Skip to comments.What Hard Drive Should I Buy?
Posted on 01/22/2014 8:49:17 PM PST by Utilizer
Because Backblaze has a history of openness, many readers expected more details in my previous posts. They asked what drive models work best and which last the longest. Given our experience with over 25,000 drives, they asked which ones are good enough that we would buy them again. In this post, Ill answer those questions.
At the end of 2013, we had 27,134 consumer-grade drives spinning in Backblaze Storage Pods.
Why do we have the drives we have? Basically, we buy the least expensive drives that will work. When a new drive comes on the market that looks like it would work, and the price is good, we test a pod full and see how they perform. The new drives go through initial setup tests, a stress test, and then a couple weeks in production. (A couple of weeks is enough to fill the pod with data.) If things still look good, that drive goes on the buy list. When the price is right, we buy it.
We are willing to spend a little bit more on drives that are reliable, because it costs money to replace a drive. We are not willing to spend a lot more, though.
(Excerpt) Read more at blog.backblaze.com ...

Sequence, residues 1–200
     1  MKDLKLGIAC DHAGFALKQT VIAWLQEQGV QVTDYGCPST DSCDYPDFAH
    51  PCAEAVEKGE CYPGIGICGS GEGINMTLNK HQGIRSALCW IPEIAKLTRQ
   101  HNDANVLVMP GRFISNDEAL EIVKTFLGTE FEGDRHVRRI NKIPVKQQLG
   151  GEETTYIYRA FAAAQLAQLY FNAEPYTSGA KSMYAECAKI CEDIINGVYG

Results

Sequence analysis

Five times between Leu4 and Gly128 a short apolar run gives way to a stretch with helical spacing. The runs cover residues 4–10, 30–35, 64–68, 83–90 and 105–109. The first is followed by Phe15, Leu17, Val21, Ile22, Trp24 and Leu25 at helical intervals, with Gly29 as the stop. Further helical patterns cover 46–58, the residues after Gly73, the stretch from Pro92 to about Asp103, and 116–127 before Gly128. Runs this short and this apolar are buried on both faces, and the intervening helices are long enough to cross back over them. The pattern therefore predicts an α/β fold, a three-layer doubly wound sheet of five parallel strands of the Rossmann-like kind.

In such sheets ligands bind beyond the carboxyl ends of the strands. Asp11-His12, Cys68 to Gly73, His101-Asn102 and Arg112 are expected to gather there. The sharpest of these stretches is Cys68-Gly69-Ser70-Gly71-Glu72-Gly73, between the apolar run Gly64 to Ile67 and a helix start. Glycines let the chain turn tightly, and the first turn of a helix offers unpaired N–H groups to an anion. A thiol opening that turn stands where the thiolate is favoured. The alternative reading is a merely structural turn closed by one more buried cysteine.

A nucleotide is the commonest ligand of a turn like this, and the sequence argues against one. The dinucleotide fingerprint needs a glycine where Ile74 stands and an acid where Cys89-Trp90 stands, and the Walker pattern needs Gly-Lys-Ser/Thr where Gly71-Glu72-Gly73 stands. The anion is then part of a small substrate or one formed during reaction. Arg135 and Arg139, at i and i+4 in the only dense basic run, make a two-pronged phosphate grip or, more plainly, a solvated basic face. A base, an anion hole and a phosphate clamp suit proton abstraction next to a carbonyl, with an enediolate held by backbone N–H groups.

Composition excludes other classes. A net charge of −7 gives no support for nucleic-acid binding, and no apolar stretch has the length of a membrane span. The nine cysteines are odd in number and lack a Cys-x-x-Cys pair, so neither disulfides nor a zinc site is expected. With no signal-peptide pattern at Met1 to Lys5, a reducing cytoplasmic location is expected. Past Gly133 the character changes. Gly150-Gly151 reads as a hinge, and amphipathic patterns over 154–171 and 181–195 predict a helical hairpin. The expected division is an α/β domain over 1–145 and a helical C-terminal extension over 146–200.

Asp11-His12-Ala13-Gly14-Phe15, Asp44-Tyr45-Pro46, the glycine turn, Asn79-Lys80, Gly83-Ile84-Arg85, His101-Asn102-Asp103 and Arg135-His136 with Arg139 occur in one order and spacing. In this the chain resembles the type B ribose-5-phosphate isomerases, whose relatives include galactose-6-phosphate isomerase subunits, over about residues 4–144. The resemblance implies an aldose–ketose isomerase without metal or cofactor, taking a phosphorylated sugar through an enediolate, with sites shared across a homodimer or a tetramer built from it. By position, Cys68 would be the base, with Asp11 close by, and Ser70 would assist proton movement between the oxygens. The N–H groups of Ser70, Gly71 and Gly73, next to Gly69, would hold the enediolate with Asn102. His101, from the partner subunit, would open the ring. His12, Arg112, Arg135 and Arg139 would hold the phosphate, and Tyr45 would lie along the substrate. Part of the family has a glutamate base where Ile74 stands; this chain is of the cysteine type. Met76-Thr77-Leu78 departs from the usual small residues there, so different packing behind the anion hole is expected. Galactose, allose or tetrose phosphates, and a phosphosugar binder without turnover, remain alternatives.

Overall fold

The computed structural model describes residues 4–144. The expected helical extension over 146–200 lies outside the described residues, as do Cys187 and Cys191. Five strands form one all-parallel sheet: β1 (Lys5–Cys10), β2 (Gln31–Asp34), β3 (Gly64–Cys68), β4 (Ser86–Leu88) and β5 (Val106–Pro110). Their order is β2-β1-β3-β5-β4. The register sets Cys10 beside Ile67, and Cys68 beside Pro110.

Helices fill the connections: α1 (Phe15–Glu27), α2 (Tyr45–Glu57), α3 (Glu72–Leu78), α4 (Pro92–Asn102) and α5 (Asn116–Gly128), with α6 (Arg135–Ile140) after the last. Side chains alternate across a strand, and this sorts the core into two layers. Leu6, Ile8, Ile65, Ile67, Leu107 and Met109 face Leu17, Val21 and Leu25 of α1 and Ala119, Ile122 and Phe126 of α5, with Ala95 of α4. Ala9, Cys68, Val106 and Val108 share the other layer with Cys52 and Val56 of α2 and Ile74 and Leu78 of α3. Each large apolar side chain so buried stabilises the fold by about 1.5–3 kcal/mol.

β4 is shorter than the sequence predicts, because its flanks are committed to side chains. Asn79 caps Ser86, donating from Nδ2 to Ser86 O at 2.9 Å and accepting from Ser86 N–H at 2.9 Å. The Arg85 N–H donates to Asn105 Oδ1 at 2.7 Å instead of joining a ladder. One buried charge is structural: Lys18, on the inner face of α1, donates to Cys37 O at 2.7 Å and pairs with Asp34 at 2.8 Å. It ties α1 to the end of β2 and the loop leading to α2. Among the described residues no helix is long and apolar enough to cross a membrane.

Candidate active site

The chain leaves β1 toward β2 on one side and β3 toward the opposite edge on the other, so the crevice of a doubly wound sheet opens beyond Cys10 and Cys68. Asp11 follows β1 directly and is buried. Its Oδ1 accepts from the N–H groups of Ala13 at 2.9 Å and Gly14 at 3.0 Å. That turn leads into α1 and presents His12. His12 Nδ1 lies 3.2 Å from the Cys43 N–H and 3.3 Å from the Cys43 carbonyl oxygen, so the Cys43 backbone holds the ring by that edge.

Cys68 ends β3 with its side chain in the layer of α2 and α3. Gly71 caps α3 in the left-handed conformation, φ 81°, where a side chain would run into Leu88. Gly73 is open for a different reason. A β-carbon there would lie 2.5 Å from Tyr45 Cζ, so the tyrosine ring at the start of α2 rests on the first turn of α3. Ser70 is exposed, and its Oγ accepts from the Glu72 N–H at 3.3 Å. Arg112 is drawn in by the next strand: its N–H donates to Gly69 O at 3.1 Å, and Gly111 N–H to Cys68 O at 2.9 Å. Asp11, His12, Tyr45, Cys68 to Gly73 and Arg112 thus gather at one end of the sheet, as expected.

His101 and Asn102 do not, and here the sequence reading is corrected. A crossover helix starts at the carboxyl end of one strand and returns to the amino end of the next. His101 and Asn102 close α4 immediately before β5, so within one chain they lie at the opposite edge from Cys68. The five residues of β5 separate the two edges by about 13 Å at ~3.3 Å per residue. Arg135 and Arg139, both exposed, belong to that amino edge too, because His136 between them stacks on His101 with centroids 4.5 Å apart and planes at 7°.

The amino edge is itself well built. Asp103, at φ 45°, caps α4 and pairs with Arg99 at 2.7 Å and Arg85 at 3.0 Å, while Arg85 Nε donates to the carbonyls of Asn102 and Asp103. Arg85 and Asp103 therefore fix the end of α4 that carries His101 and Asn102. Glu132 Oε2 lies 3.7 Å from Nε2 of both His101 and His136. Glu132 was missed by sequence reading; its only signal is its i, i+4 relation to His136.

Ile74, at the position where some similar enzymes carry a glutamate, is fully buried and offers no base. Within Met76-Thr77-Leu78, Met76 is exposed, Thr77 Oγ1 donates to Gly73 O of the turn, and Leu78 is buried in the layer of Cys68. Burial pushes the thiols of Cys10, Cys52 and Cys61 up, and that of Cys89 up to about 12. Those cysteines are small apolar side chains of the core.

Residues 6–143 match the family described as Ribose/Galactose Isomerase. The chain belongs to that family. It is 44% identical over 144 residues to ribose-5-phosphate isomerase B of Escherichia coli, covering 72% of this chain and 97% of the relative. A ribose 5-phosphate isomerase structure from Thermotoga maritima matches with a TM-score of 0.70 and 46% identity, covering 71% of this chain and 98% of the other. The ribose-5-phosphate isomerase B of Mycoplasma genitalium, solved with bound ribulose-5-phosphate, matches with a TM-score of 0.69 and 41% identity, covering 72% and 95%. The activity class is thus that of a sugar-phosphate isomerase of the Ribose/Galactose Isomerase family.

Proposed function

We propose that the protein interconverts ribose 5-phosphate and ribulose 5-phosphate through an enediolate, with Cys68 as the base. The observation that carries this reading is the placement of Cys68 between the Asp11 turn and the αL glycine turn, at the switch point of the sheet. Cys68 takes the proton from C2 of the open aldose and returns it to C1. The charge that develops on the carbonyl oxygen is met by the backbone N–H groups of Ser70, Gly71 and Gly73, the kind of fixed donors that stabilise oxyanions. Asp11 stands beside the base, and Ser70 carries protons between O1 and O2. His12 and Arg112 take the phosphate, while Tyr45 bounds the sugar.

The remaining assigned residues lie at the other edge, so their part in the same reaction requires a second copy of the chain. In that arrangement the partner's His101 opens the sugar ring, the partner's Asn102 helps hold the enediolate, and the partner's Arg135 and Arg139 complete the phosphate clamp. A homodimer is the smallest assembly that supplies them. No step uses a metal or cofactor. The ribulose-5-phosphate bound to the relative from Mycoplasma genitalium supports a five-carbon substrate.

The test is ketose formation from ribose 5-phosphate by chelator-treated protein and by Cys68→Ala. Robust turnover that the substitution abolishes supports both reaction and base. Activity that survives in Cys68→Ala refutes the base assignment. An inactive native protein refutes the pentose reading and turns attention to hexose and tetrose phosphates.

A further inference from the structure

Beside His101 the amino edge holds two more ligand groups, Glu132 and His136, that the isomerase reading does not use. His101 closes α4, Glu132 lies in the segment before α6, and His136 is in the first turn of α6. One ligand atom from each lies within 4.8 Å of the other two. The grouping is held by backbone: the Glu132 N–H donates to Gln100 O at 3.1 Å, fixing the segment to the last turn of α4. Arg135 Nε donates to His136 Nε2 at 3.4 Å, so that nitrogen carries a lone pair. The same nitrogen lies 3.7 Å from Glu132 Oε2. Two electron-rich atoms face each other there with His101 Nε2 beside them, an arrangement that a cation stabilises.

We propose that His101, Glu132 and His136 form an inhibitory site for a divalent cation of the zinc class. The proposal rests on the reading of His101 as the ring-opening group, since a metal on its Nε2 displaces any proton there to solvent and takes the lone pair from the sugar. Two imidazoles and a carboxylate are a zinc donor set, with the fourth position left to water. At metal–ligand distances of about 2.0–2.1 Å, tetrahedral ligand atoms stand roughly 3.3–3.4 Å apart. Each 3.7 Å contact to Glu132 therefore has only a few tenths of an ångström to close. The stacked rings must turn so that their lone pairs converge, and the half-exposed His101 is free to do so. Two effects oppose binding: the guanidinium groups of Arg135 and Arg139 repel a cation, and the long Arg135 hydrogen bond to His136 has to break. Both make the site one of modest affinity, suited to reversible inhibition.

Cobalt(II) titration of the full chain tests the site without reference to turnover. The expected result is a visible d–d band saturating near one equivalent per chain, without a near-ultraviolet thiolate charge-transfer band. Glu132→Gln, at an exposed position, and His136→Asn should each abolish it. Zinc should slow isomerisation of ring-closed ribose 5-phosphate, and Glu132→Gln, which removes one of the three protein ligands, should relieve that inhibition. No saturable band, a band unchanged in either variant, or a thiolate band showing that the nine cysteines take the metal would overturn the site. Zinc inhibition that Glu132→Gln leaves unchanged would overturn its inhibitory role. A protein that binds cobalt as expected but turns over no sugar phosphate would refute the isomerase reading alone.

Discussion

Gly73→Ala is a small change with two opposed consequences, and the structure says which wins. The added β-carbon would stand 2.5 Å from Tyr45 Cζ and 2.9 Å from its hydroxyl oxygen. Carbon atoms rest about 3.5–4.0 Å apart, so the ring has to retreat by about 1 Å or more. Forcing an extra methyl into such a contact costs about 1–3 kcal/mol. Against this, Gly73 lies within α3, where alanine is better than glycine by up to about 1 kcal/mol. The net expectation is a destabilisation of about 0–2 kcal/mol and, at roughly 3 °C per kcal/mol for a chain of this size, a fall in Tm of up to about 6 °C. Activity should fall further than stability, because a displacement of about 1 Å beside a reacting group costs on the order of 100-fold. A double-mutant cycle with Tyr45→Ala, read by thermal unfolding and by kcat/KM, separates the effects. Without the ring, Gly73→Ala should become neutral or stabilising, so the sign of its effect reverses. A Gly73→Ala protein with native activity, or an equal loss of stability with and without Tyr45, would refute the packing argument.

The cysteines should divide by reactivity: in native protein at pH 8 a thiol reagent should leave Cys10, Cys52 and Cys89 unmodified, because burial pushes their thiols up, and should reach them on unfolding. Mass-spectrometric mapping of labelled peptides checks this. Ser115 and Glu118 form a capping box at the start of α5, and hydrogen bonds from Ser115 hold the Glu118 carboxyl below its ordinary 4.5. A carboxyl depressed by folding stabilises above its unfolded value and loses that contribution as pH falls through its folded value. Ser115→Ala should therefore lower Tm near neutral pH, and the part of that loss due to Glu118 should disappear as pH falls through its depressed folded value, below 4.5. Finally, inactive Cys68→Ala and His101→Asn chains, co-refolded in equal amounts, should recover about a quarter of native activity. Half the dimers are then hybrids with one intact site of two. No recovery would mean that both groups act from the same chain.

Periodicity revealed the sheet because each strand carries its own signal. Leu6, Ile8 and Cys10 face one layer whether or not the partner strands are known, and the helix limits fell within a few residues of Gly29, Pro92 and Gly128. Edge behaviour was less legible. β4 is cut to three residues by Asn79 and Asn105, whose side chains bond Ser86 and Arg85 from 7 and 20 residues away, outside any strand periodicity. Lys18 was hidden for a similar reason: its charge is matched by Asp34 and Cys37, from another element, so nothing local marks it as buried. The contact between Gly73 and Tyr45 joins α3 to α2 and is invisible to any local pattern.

Lots more data and graphs included of the results at the link.
I am already wondering about that one Seagate backup drive I purchased recently...
If a drive is refurb, it means it has had a failure at least once.
I would not use a refurb driv.
My first Windows 95 computer had a hard drive with two thirds of a gigabyte. Despite that, it had several video clips built in.
I just bought two sandisk memory vaults which they say will store memory for a hundred years without deteriorating.
I paid less than $30 for both.
I paid around $800 for that first computer and now I can get one with 1 terabyte hard drive for about the same price. I also remember when one megabyte of RAM cost $100.
Seagate isn’t a quality HD to put it mildly.
Or did not pass Final QA Test before certification (I used to work in Production -and Customer Service). Refurbs are Factory Recertified (rebuilt and retested) and usually tested to more hands-on standards before certifying as good.
*laugh* Sounds like one of the drives I purchased some years ago that came with a few videos as well. Really couldn't complain however. *grin*
I have had many hard drives fail over the years. Thus far not one Seagate has failed. I have at least one Seagate that is ten years old. IBM, WD and others failed long before the expiration of the warranty.
I dunno. I am a pretty regular computer user and never noticed which particular brands failed over the years, granted they were few and far between. Then again, I am not a hardcore gamer or raid storage user. Good to know which drives seem the most reliable, since I have lost some irreplaceable data over the years.
Depends on when it is. Many referbs don’t come from consumer sources, but from event sources. For example, this Superbowl will likely generate nearly a thousand referb drives. The Olympics in Sochi will likely generate close to 50,000 referb drives, and the average DNC or RNC convention will generate upwards of 10,000 referb drives.